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|Other Titles: ||Chuang Tzu on human nature|
|Authors: ||Koon, Fuk-Yin (官福然)|
|Issue Date: ||2000 |
|Abstract: ||Though this thesis is called "Chuang Tzu on Human Nature", it only treats the theme of "human nature" as a centre of unfolding the whole itinerary of Chuang Tzu. In other words, I will try to discuss most of the important questions in Chuang Tzu's philosophy, the expositions of which always linked with Chuang Tzu's view on "human nature". These questions include Chuang Tzu's notorious position of skepticism and relativism, his views on such problems as death, freedom, fatalism and morality, his declaration of the decadence of the corporeal body and human intellect, etc.
The thesis starts from justifying the rationality of posing the question of "human nature". After affirming this, I will try to draw the conclusion that Chaung Tzu did have positive theses on various kinds of philosophical problems.
Afterwards, I will distinguish between two different levels of Chuang Tzu's uses of the concepts of "human being" and "human nature". One means decadence, especially decadence from the perfect totality and unity of Tao. The other tends to be a way of reconciliation and unification with Tao.
I will argue in the following section that before reaching a comprehensive understanding of Chuang Tzu's view on "human nature", there is the necessity of understanding Tao first, since Tao is an ontological prerequisite of any being. To understand Tao means to resolve the problem of Tao's character and strain. On this problem, I propose that a theory of Qi should be adopted when explicating Tao. The primacy of Tao leads to a reevaluation of human beings' authenticity. A human being in his most authentic state should be deprived of anthropocentric attitude. This thus is a kind of "non-subjectivism". Our freedom is real if and only if it is a non-subjectivist one. Our morality and more generally our principle of evaluation must also be measured against Tao before we can derive any sense from it.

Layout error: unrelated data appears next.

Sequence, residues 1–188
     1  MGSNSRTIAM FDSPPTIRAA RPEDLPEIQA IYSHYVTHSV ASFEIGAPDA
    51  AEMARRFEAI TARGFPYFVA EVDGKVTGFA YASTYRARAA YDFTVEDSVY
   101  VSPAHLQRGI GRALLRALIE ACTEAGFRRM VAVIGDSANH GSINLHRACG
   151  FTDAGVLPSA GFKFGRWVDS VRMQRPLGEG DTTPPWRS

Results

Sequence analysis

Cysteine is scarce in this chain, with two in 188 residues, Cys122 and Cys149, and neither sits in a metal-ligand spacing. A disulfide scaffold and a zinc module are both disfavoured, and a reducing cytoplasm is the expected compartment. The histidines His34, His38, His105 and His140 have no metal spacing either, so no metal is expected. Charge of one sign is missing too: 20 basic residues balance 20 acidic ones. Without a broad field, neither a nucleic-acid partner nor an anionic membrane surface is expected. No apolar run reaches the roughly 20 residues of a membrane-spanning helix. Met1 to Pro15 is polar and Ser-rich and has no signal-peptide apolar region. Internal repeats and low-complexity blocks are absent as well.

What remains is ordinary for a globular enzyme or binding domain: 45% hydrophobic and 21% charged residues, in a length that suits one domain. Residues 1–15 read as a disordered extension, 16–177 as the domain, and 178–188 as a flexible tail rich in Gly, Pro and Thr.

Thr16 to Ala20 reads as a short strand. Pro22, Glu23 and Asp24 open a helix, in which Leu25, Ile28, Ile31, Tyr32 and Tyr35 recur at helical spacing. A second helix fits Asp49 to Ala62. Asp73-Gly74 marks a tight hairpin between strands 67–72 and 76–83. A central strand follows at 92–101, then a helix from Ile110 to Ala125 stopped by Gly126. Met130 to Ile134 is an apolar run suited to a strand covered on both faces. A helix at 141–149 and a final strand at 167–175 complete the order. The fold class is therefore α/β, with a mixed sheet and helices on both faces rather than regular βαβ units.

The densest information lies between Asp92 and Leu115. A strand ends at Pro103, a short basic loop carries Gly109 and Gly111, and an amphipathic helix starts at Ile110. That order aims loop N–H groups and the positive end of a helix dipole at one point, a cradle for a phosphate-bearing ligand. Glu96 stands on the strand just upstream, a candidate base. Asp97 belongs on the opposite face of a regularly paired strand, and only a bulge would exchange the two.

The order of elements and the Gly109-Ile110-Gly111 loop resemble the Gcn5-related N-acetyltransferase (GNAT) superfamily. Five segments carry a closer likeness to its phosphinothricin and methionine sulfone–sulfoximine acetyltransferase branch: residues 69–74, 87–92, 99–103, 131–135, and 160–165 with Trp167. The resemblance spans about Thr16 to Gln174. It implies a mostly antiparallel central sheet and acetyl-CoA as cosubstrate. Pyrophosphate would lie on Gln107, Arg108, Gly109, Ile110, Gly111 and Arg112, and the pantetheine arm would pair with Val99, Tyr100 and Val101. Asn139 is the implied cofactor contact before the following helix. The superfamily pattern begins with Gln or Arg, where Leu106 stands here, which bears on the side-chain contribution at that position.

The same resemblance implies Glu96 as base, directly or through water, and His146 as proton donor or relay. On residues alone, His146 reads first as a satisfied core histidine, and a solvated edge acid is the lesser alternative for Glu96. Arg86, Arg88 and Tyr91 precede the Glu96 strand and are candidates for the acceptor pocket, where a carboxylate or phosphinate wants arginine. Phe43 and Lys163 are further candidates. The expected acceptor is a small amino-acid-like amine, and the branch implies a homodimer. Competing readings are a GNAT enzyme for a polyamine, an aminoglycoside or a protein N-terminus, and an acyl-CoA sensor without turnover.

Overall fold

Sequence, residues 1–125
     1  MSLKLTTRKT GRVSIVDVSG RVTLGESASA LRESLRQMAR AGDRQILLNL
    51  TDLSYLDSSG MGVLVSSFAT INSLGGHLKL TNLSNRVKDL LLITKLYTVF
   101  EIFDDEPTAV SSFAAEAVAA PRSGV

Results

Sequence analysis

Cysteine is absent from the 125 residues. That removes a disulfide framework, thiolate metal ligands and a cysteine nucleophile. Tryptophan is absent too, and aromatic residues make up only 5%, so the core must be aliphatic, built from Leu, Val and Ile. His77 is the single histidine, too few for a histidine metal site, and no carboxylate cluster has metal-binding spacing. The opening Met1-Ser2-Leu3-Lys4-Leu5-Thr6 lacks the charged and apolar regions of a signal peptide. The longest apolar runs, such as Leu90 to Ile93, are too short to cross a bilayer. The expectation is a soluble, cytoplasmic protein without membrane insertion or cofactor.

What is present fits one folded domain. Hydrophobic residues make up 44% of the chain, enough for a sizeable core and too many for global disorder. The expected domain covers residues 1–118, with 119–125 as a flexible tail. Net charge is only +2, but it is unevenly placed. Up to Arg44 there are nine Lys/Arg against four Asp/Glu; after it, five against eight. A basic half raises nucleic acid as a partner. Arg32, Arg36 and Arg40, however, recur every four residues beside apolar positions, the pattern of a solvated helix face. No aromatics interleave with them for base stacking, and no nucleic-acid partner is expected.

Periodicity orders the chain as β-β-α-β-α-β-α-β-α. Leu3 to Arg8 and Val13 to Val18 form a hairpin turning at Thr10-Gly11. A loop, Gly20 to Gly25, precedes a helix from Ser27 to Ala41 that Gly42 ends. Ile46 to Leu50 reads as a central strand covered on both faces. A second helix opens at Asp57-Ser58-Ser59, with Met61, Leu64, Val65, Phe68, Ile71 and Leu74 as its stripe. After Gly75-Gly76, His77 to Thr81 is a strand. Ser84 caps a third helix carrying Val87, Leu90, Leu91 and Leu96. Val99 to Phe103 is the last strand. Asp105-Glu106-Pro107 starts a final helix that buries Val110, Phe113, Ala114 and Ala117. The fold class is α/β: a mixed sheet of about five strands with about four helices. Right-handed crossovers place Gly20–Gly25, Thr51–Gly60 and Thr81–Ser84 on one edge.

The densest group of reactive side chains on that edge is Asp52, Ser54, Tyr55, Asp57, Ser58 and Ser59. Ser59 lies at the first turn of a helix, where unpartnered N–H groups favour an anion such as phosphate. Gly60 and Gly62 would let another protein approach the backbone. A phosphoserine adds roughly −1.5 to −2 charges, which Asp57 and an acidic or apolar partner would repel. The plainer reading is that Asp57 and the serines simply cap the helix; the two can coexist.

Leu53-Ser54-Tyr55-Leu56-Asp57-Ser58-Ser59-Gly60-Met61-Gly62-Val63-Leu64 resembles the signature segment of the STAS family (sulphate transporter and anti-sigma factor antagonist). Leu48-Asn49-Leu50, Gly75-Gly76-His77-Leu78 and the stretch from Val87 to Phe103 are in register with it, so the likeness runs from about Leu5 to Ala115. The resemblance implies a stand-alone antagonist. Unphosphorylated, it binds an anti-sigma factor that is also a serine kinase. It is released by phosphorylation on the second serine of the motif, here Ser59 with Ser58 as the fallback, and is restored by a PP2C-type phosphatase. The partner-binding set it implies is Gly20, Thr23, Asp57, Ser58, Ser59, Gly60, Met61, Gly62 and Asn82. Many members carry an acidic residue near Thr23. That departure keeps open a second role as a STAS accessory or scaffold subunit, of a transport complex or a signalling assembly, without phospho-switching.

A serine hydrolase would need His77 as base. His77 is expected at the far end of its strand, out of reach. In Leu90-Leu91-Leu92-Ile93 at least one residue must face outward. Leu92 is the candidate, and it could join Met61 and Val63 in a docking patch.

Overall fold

The last chapter of this thesis, however, restores the unique status of human being. Being the most essentially constituting part of "human nature", the "heart", together with its function of conceiving, retains spontaneity for human being, and thus its uniqueness (without any sense of anthropocentrism). We have to strive to authenticate and realize our "nature". We should not be compared with other beings. We are unified with Tao via our mental endeavour, whereas others are in themselves immediately unified with Tao. This very last formulation of the relation between man, other beings and Tao shows that we cannot understand the notion of "human nature" in a simple manner. What I want to achieve in this thesis is a transformation in the progress of my argumentation and to arrive at a most definitive explication of my theme.|
|Description: ||Thesis (M.Phil.)--Hong Kong University of Science and Technology, 2000|
viii, 93 leaves ; 30 cm
HKUST Call Number: Thesis HUMA 2000 Koon
|Appears in Collections:||HUMA Master Theses |
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